Many companies choose to provide their staff with some additional benefits. If you’re considering these options for your employees, here’s the list of the most common voluntary expenses:
- Health and dental insurance
- Paid Time Off (PTO)
- Life insurance
- Long-term disability insurance
- Retirement savings or 401(k) Plan.
Health and dental insurance
While Medicare is a compulsory expense, health insurance is a voluntary payment. This insurance is among the highest of all benefits. The above-mentioned Joe Hadzima gave an example of this expense. So, if an employee makes $50,000 a year, his/her health insurance will be between $2,000-$3,000 (single employees) and $6,000-$7,000 (for families).
Speaking of dental insurance, this payment depends on the number of employees, the type of insurance, and the location of your company. According to Hadzima, the average dental insurance will be from $240 to $650.
Paid Time Off (PTO)
Paid Time Off (PTO) is a policy that covers:
- vacation time,
- sick leave,
- personal time,
- federal holidays,
- family leave,
- maternity and paternity leave.
Based on the regulation by the Fair Labor Standards Act (FLSA), this policy is not obligatory in the U.S. But, many companies include PTO as one of their employee benefits.
If this applies to your company, be sure to create a practical system for scheduling PTO. In fact, try using a free PTO tracker. This way, your employees can request their time off, and then you can approve it. Furthermore, you’ll be able to see who is currently using their time off in the weekly report.
Life insurance is a policy that can be significant both for the employees and their families. This policy provides financial security for the family of an employee, in case of his or her death. It’s important to clarify that the insurance covers the case of an employee’s death only if the death is not due to his/her fault.
When it comes to life insurance, Joe Hadzima says that the average outlay is around $150 on the first $50,000 of your wages.
Long-term disability insurance
Long-term disability insurance (LTD) is a policy that insures employees in case of an illness, injury, or an accident. If any of these events happen, the employee will still receive a percentage of an income. But, LTD insurance does not cover work-related accidents, since these are included by the Workers’ comp insurance.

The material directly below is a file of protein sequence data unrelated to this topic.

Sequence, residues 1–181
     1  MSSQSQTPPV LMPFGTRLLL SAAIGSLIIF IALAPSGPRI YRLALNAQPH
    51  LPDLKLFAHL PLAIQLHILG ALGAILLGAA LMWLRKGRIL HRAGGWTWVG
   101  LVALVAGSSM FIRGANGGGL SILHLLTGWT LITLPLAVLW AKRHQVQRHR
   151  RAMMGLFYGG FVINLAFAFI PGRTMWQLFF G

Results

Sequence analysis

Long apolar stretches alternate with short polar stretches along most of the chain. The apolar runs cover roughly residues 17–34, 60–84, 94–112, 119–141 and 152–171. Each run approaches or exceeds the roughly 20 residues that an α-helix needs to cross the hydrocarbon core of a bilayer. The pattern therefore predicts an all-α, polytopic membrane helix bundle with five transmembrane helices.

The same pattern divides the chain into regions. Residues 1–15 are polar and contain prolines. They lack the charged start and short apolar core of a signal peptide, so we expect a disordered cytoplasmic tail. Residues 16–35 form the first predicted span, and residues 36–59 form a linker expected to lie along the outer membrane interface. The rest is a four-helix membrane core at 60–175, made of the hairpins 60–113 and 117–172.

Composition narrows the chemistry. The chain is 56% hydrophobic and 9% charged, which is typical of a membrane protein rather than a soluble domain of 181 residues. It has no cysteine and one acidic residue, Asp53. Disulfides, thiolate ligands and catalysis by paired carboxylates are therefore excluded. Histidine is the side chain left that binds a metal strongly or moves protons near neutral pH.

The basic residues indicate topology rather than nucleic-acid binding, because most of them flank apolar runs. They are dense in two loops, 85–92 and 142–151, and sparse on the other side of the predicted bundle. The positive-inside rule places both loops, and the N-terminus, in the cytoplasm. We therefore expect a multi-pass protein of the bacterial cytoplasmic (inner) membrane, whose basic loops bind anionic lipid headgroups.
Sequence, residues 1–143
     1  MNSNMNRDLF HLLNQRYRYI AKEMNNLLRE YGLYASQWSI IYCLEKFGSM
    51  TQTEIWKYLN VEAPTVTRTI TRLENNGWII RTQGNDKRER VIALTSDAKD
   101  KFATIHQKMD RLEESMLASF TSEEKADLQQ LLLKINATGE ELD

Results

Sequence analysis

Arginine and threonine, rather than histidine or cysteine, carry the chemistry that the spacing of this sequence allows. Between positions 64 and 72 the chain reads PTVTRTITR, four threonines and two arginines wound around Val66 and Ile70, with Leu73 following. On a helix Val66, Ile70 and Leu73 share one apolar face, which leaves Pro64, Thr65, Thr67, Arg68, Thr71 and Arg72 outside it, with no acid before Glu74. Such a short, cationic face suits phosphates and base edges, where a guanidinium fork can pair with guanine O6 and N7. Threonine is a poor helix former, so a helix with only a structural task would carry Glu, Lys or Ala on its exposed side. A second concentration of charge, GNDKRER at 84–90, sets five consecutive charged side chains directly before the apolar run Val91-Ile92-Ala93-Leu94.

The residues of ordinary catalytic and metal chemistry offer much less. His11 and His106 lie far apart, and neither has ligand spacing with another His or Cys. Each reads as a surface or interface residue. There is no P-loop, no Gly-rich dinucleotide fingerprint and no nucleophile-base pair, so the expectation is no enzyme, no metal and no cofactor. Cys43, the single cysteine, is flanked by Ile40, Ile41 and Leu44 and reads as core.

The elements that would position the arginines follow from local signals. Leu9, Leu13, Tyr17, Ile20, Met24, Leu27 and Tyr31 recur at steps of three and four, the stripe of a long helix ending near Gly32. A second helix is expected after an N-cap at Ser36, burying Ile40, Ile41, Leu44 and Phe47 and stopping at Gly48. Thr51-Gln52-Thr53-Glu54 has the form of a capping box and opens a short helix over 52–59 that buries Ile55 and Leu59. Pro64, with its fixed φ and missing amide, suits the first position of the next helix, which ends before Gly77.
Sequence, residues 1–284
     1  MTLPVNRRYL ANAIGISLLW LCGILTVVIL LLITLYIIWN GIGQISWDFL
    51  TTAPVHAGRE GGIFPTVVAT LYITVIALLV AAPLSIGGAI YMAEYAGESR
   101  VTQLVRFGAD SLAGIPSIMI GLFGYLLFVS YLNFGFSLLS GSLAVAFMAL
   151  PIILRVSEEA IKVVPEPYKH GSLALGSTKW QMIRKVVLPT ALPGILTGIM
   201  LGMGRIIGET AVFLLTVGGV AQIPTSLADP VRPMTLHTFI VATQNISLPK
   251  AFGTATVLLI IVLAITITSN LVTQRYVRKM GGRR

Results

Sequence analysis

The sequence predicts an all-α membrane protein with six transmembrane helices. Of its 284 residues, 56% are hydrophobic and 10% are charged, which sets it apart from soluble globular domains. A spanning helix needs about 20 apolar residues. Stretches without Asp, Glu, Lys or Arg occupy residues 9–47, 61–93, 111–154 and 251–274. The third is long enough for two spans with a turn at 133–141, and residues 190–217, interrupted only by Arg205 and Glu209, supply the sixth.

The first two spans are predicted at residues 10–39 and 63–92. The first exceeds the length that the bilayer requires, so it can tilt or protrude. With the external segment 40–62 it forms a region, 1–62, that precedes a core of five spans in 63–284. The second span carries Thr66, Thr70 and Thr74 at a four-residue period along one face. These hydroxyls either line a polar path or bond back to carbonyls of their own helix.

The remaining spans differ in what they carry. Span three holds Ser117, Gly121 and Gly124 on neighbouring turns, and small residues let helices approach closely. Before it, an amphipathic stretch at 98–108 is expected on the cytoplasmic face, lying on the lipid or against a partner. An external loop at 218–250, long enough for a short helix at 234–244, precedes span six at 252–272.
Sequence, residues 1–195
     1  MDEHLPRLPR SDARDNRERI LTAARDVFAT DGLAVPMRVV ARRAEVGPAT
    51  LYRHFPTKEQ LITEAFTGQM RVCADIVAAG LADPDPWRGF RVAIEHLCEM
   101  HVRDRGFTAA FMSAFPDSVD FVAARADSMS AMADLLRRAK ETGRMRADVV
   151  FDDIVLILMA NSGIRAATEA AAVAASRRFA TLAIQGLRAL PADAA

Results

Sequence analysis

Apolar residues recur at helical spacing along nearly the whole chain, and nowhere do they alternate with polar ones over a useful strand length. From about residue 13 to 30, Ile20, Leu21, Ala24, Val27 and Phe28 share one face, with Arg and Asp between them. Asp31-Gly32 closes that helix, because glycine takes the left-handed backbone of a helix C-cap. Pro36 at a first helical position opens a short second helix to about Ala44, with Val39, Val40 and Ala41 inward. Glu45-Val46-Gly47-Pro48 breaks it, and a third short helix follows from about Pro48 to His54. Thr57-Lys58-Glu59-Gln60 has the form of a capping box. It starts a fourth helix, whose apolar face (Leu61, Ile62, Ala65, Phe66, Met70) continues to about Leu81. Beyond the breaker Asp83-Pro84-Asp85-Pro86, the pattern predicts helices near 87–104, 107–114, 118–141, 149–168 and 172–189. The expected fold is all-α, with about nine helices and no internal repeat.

Before an injured employee starts obtaining LTD insurance, he/she will first receive the short-term disability insurance (STD). The STD insurance usually lasts from three to six months. After this period, an employee will get a certain percentage of the salary, usually 50-70 percent, due to LTD.
As for the employer who provides this insurance to his/her employees, Hadzima claims that the average amount of a long-term disability insurance is $250, for a wage of $50,000.
Retirement savings or 401(k) Plan
In the private sector, the 401(k) Plan is a retirement account that employers can set for their staff. Employees can choose if they want their employer to contribute a part of an employee’s salary to an individual account (under this plan).
Employers can manage the 401(k) Plan themselves, or they can hire a professional to handle this payment. Usually, companies hire a bank, a mutual fund provider, or an insurance company, to run the Retirement savings.
According to CNN’s reporter Jose Paglieri, the average contribution to the Retirement savings plan is 2.5% of a worker’s salary.
To sum up, we’ve collected all obligatory and non-obligatory expenses for salaried employees in one place. Take a look at the table below to better understand the payments you’ll have to make for a new employer.
|Mandatory costs||Non-mandatory costs|
|1||FICA (Federal Insurance Contributions Act) Social security||Health and dental insurance|
|2||FICA Medicare||Paid Time Off (PTO)|
|3||Federal Unemployment Tax Act (FUTA)||Life insurance|
|4||State Unemployment Tax Act (SUTA)||Long term disability insurance|
|5||Workers’ compensation insurance||Retirement savings or 401(k) Plan|
These are all expenses for your salaried workers. Now, let’s examine the payments for hourly employees.
For hourly employees
As stated by the U.S. Department of Labor, labor cost for hourly employees is “the sum of total compensation and overhead cost”.
Total hourly compensation consists of wages and non-wage benefits.
As we mentioned above, wage is not a fixed amount of money. Wage is a payment that an individual gets based on the number of hours spent working. Thus, it’s vital that hourly employees monitor their working hours by using a time clock app. In addition, employers can arrange an employee clock-in clock-out system for all workers.
Non-wage benefits cover:
- Paid leave: vacation, holidays, and sick leave.
- Supplementary pay: including premium pay for overtime and work on holidays and weekends, shift differentials, and non-production bonuses.
- Retirement: defined benefit and contribution plans.
- Insurance: life insurance, health benefits, short-term and long-term disability.
- Legally required benefits: Social security and Medicare, federal and state unemployment insurance taxes, and Workers’ compensation insurance.
💡Learn how you can use Clockify to track employee overtime:
As for the overhead, here’s how the DOL defines it: